THE OFFSPRING guitarist Kevin "Noodles" Wasserman has blasted supporters of former President Donald Trump who participated in the deadly January 6 attack on the U.S. Capitol last year, saying that "anyone who aided and abetted Trump's attempt to overturn the election is a criminal and a traitor."
Writing on Twitter on the anniversary of that riot, Noodles said the former president and his followers "were not planning on a peaceful protest" and "must be held accountable."
The 58-year-old rocker said: "A year ago today hundreds of criminal traitors tried to subvert the will of the American people & overturn a free & fair election by staging the stupidest insurrection ever. The fact that they failed doesn't make it any less criminal or dangerous. Some were fools caught up in the furor of the moment, but there were also those who knew exactly what their mission was -to delay the certification of the Presidential election long enough for a select group of congressmen & senators to subvert democracy.
"Of the more than 700 rioters arrested, not one is Antifa, BLM, or any other type of lefty instigator," he continued. "They have all been Trump supporters who claim to be doing what former President Trump asked them to do. He told them a big lie & sent them to battle. They brought guns, knives, clubs, tasers, spears, mace, & zip ties to the Capital. They were not planning on a peaceful protest. They were planning on violence. They were planning on shutting Congress down. That is the definition of insurrection.
"So far only the foot soldiers of this attempt to overthrow our government have been held accountable. By not holding the leaders of this traitorous mob accountable we are saying, 'Oh well. Better luck next time.' There will be a next time. They're learning.
"Anyone who aided & abetted Trump's attempt to overturn the election & and subvert the will of the American people, whether in government or media, is a criminal & a traitor," Noodles added. "Every one of must be held accountable, or next time they might succeed."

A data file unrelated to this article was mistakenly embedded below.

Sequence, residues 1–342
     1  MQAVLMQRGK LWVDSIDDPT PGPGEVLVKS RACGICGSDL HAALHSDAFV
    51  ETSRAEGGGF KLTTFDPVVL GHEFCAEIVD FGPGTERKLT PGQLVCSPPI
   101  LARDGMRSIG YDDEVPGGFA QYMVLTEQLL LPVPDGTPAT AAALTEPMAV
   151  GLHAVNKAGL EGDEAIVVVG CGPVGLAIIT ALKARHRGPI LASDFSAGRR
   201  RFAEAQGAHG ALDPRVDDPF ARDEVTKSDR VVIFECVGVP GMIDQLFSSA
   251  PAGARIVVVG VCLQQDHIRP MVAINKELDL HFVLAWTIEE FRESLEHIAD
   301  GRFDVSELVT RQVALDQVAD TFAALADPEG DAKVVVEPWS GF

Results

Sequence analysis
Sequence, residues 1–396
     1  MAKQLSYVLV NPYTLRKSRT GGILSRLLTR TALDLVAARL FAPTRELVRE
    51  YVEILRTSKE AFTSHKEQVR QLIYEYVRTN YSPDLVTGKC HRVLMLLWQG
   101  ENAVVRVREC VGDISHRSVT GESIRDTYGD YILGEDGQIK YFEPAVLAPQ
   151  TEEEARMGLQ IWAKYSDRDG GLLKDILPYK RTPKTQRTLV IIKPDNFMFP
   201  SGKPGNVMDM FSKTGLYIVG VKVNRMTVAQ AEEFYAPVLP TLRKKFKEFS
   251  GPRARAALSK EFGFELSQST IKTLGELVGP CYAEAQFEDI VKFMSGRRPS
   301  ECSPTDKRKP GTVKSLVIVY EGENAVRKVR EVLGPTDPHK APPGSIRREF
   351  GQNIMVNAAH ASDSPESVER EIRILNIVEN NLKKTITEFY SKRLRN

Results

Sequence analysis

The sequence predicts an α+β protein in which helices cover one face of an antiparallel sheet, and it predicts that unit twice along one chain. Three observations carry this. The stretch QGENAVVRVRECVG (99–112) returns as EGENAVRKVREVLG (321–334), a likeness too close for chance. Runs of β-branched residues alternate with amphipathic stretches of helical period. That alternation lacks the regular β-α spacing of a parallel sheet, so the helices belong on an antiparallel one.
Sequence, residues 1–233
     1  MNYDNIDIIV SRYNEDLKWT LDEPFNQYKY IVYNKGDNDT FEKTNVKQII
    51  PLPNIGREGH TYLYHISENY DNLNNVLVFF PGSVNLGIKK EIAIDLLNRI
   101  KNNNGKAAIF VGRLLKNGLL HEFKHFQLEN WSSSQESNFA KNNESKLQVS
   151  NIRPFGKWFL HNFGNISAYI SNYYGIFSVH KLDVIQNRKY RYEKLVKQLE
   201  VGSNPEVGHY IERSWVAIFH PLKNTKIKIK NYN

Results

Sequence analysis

More than 725 individuals have been charged with various crimes in connection with the deadly insurrection. Of those, 225 people were charged with assault or resisting arrest while more than 75 were charged with using a deadly or dangerous weapon against police officers. 640 people were charged with entering a restricted federal building or its grounds and another 75 were charged with entering a restricted area with a deadly weapon.
As result of the insurrection, Congress was forced to temporarily halt its counting of the 2020 Electoral College votes, a process that ultimately certified the election of President Joe Biden.
Among the popular conspiracy theories which have emerged in the year since the insurrection are unfounded claims that the rioters were members of Antifa, that FBI operatives were to blame for the riot, and that the rioters were peaceful and were framed for crimes that never happened.
Capitol police officer Brian Sicknick, who was sprayed with a chemical substance during the riot, later collapsed and died.
Many top political figures have accused Trump of personally inciting the attack by repeatedly intimating that his followers should take action in order to demand legislators address his baseless claims of voter fraud. At a rally preceding the riot, Trump gave an inflammatory speech, urging the crowd to go to the Capitol, "show strength" and "fight much harder."
In the wake of the attack, Twitter permanently suspended Trump's account, citing "the risk of further incitement of violence."
FBI director Christopher Wray has called the riot an act of "domestic terrorism."